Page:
Steps In Between

Celaine Charles ~ My journey as a writer ~ Author site:

Smarty-Pants Goals

Goal setting is something I strive to do on a regular basis. It’s something many of us attempt either consciously or subconsciously at some point in our lives. Suddenly, we become serious about something we want and decide to make a change.

For some this could be an annual event, for example a New Year’s resolution. For others, if could be an accomplishment deadline; recognition for a promotion at work, or a certain level of health achieved by a wedding date, graduation date, or birthday. Sometimes we have ideals in the back of our minds, and we allow ourselves permission to be unaccomplished until a certain date… by the time I’m twenty-five, or thirty, or before I’m fifty…

I’ve read all about writing your goals down. I’ve even quoted the infamous Harvard study about writing down your goals as a proven method to assuring completion. Although, I have since learned this study is a myth. Not to worry, a group did set out to create a new study and received the same results. As we can all imagine, it does help to write down your goals. It makes sense, because writing things down helps us better remember them. But is this enough?

I used to write down my goals all the time. I also adjusted them when deadlines crept up too quickly, or changed them all together if it appeared I might not succeed. Sometimes, I even forgot about them feigning (or truly experiencing) busyness. However, in my other life (the one that pays the bills), I am required to make SMART goals. Specific, measurable, action-planned, realistic, and timely goals. I always kept these versions of goal-setting for work, and not my personal life. But, as I am now working towards intentionality in my writing life… why wouldn’t I apply a SMART goal to help myself?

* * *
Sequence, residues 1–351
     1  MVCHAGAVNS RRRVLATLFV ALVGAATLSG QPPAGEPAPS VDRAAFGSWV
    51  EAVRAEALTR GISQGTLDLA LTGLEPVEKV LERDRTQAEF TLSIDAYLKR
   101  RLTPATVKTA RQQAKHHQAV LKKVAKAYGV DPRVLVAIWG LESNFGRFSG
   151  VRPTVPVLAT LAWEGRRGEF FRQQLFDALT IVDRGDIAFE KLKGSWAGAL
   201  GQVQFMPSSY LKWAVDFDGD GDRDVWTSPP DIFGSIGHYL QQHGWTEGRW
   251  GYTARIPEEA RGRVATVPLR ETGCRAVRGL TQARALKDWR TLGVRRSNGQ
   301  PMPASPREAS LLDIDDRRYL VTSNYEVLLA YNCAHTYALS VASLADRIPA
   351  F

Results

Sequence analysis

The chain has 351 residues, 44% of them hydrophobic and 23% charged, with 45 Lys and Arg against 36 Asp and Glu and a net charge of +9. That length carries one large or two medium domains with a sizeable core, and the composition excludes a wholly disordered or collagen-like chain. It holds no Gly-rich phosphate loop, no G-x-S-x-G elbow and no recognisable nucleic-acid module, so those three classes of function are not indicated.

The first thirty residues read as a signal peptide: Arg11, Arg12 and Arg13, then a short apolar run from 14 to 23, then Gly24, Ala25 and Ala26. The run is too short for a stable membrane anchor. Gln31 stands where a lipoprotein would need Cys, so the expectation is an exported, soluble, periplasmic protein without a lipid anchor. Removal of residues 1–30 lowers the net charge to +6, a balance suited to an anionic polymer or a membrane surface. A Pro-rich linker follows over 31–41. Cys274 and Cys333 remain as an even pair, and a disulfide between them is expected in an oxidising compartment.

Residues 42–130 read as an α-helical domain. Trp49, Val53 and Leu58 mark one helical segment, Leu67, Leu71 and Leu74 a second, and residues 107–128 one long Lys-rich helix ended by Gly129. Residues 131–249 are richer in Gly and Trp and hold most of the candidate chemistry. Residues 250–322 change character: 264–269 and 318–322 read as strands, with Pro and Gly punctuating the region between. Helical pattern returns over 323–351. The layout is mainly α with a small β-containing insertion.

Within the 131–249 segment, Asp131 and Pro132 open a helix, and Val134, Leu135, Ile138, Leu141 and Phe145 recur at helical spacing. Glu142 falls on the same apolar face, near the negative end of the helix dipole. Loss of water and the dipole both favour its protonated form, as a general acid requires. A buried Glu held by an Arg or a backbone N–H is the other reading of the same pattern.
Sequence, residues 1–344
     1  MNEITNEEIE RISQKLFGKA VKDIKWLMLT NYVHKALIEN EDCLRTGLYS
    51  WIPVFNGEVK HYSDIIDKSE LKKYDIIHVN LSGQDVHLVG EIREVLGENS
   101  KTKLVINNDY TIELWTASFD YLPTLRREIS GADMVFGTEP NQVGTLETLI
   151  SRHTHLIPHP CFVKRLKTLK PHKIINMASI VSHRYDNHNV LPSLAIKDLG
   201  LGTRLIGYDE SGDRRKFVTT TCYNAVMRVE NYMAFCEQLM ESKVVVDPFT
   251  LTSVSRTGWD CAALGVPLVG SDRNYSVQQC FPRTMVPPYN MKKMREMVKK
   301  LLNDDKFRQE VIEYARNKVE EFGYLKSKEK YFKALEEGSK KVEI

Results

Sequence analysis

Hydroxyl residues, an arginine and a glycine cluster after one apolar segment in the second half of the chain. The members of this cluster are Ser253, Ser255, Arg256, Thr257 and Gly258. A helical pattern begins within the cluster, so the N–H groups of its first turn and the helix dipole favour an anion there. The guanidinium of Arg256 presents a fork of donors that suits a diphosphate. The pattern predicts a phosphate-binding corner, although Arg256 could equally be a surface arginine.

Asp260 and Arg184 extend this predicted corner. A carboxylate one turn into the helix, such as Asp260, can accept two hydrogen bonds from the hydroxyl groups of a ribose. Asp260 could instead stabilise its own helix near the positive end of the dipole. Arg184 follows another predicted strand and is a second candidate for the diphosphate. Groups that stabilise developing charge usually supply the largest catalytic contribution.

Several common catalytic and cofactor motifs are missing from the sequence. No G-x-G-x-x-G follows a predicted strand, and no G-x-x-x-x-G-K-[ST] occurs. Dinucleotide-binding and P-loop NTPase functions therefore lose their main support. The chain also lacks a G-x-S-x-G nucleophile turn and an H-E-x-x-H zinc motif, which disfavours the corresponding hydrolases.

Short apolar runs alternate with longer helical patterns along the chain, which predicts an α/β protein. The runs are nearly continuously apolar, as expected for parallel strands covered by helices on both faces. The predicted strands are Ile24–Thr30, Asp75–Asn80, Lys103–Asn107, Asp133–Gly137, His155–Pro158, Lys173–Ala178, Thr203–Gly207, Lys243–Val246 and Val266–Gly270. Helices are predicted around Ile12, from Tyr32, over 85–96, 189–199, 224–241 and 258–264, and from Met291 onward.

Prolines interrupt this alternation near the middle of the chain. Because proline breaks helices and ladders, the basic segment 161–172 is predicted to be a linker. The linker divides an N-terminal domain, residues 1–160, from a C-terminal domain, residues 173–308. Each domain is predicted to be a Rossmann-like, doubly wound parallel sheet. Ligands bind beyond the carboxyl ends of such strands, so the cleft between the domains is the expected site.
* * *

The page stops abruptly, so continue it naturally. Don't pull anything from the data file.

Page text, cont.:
You have to analyze what you really want in your life, to the answer the five questions below, and that’s when things become real. They become authentic and serious. I guess my days of little girl wishing are long gone.


Here is an example of my own “writing” SMART goal (which is causing me some anxiety to share it with the world, but here it goes):

S – I want to find a quality agent for my YA/Fantasy manuscript (and publish my book).

M – I will know I’ve met my goal when I receive positive responses back from a query, and ultimately find an agent I relate to, and who gets my book published.

AI will fine tune my query, synopsis, and first chapters by getting feedback from other writers. I will research and query agents within my genre in small batches, as per author, Tomi Adeyemi (I’m in her FB Writing group and she talks about querying in small batches at a time, learning from each batch as you go). I will keep a record of agents and feedback along the way, and I will continue honing my craft as a writer by reading resources for quality writing, creating a critique group, and writing every day.

R – I have a completed manuscript (with positive feedback from three separate groups of beta readers).

T – I wish to have an agent and working to publish my book before the next PNWA Conference, September 2018.